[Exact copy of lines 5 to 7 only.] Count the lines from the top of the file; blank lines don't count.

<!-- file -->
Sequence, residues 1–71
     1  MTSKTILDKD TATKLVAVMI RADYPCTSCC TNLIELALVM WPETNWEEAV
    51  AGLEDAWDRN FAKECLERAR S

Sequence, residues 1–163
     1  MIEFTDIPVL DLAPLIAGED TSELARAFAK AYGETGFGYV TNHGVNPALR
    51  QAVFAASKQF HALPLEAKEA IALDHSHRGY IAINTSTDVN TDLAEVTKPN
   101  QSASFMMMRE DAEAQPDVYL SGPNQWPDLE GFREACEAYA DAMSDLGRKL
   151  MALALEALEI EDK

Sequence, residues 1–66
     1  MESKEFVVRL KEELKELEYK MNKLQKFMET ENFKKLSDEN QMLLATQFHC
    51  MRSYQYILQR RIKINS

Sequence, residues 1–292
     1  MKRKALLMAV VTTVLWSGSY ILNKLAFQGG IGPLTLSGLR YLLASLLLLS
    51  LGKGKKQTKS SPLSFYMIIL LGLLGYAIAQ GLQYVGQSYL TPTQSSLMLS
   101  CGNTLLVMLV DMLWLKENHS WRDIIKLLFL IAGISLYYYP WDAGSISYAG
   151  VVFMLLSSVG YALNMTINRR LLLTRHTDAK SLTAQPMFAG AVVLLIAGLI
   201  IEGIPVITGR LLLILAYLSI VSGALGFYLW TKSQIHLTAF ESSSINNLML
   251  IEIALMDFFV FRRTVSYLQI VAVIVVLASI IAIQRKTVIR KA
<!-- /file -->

     1  MIEFTDIPVL DLAPLIAGED TSELARAFAK AYGETGFGYV TNHGVNPALR
    51  QAVFAASKQF HALPLEAKEA IALDHSHRGY IAINTSTDVN TDLAEVTKPN
   101  QSASFMMMRE DAEAQPDVYL SGPNQWPDLE GFREACEAYA DAMSDLGRKL